10:30 am – At the Circus, the local authorities will participate in the usual quick delivery of messages before the procession starts.
11 am to 1 pm – The procession begins and will proceed on to the main roads. Awaiting final confirmation but the procession should start at the Circus and move by the Theater of Marcellus, Piazza Venezia, the Forum, Colosseum, Via Celio Vibenna and Via di San Gregorio. From there back to the Circus at about 1 pm. Details of the itinerary must still be determined.
Upon completion of the procession, always at the Circus, music bands will play typical ancient Roman tunes and hymns followed by other smaller demonstrations always by our great impersonators.
Pending confirmation, the last show should be a reenactment of the Battle of Medway, Kent, in England, where the Roman troops of Emperor Claudius landed in 43 AD, beginning their campaign in Britain.
4) The participants
The reenactment will be performed by actors from various countries. After two years of restrictions have meant deferral, emotions are wildly charged, consequently, we can expect a great deal of enthusiasm. As mentioned, credibility is important to render the idea of what ancient Rome must have been so, as a result, a fake roman structure, similar to a fortress, will be installed in the Circus. That is where these shows will take place. They are for free and no bookings are required.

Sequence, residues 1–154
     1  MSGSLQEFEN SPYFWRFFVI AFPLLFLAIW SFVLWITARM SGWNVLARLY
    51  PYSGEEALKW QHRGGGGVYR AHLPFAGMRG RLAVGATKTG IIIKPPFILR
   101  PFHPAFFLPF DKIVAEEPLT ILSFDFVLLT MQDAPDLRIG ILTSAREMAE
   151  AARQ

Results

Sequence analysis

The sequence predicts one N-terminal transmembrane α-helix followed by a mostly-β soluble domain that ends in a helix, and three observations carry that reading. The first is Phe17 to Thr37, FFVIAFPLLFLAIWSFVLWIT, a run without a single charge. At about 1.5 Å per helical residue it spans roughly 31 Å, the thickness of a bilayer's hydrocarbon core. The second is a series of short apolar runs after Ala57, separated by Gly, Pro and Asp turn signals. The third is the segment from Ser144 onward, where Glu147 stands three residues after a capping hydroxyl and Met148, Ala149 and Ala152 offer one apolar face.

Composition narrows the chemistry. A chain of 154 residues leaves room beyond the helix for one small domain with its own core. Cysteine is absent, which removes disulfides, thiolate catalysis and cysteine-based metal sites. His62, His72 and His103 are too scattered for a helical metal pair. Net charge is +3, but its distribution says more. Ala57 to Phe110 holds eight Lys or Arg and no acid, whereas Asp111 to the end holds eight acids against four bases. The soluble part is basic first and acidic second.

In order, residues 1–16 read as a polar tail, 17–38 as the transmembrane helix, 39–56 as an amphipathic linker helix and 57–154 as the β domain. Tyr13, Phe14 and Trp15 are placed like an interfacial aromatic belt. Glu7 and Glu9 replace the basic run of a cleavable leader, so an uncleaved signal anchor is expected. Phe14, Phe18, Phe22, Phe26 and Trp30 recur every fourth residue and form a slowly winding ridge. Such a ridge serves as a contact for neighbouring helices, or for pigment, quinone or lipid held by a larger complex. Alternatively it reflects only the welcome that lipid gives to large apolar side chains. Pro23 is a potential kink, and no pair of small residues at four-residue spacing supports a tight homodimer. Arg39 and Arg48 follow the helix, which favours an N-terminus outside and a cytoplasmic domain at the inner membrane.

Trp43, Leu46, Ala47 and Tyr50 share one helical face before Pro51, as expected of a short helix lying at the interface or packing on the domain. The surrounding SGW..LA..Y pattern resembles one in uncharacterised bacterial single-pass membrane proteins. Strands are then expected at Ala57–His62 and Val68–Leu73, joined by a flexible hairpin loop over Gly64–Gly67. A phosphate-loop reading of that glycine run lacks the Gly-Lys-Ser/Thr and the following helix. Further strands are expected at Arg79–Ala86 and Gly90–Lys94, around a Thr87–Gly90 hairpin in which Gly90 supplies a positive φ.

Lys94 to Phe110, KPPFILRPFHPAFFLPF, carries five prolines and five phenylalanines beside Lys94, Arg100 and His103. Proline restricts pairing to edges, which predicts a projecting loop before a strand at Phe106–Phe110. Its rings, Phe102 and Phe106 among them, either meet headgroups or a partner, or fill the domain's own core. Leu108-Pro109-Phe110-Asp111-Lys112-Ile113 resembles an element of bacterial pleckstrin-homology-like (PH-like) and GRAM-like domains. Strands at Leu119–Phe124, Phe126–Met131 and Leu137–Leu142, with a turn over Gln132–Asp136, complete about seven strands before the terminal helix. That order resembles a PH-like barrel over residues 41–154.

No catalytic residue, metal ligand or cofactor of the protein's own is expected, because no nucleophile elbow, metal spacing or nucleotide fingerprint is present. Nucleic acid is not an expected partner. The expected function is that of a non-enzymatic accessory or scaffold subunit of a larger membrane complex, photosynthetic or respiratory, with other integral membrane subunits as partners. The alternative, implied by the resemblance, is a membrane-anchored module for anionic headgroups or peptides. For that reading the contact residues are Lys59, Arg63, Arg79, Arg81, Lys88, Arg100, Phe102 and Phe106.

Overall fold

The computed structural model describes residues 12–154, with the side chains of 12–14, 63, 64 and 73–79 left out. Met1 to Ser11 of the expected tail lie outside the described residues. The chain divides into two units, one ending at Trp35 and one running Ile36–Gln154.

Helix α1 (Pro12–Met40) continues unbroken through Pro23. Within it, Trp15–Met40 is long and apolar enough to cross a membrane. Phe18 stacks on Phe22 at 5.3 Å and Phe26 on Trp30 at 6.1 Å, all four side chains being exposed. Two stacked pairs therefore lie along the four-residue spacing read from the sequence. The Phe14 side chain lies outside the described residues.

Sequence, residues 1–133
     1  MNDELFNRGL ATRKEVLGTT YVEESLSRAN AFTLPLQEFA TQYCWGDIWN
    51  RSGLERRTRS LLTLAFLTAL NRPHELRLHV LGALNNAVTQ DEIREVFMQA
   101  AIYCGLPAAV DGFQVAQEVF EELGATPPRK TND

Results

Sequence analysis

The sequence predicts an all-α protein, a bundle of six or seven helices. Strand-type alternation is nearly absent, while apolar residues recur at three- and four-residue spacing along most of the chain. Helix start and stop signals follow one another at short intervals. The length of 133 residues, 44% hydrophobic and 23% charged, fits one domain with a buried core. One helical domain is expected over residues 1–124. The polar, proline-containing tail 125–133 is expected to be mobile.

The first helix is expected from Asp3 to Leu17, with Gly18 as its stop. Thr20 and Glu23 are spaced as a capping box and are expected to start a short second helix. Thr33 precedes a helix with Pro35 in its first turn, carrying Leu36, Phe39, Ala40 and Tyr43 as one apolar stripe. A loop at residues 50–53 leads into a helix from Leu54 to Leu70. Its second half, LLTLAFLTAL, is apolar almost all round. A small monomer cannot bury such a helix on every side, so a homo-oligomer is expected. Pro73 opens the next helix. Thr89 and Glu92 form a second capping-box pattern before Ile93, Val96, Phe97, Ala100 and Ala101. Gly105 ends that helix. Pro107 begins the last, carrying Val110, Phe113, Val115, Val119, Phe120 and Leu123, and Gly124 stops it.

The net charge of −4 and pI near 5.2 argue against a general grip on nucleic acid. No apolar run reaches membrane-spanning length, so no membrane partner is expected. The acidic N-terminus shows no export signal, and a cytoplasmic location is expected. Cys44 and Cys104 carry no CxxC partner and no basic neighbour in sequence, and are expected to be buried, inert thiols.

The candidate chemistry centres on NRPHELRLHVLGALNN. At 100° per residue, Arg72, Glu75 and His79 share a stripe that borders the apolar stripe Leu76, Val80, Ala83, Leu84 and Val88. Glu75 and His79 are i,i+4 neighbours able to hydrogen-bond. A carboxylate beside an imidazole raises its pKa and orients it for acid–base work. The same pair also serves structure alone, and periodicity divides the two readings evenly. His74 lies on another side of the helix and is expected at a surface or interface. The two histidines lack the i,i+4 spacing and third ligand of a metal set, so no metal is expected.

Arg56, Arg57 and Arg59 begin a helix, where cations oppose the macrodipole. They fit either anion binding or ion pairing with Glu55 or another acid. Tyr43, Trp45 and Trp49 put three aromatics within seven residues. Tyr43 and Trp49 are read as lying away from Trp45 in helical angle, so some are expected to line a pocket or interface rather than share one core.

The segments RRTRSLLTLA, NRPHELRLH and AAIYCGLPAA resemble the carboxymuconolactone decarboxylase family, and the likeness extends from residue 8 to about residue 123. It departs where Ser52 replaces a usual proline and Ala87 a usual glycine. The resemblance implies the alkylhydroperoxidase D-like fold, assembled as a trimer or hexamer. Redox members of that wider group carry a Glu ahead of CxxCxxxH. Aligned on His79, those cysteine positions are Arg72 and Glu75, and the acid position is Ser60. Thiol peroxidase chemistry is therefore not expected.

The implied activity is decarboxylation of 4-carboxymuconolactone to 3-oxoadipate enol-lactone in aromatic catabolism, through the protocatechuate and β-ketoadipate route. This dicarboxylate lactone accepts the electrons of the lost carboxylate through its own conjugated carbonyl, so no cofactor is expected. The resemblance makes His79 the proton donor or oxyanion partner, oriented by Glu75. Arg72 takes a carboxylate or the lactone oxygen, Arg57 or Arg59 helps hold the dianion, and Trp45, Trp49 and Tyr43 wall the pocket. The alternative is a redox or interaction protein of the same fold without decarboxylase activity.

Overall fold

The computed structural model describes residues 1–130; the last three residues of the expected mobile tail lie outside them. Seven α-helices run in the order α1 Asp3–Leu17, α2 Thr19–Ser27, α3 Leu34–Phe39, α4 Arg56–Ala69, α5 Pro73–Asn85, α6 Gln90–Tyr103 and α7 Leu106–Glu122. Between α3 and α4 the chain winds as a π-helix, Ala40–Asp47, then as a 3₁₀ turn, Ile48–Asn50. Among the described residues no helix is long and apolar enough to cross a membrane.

The group conducting these beautiful rendition is called “Gruppo Storico Romano”; they are involved also in other reenactments on special occasions. The following link offers a recap as well of the events and some photos you can freely look at to get an idea of how it looks.
Well, certainly there is a lot you can go see. If you happen to tour the Forum around this time, you can hop over to the Circus where the action is taking place.
Remember the previous blog. You can add the Pantheon, the Colosseum, the Forum and the Vatican Museums to your touring week, depending on how much time you have available to you.
April 21st is a local Roman festivity similar to a Sunday. It doesn’t constitute an issue but a few streets might be closed off to traffic so if you have appointments you might want to add some extra time for slower transportation.
April 25th, a Monday, is a national holiday. It is the feast remembering the Liberation of Italy from Nazi-fascist forces in the Second World War. Therefore, while monuments remain open, there are possibilities of demonstrations, sit-ins, and commemorative events. We suggest you monitor the local transportation website for planned and real-time limitations:
This blog serves more an idea, suggestions about what you can do during this special week but we are here to offer assistance so that you can use your time the best possible way. For more information or to arrange a tour, check out What a Life Tours or contact us by phone at +39 06 88975757/+ 39 334 7273299 (WhatsApp), or simply email us at firstname.lastname@example.org!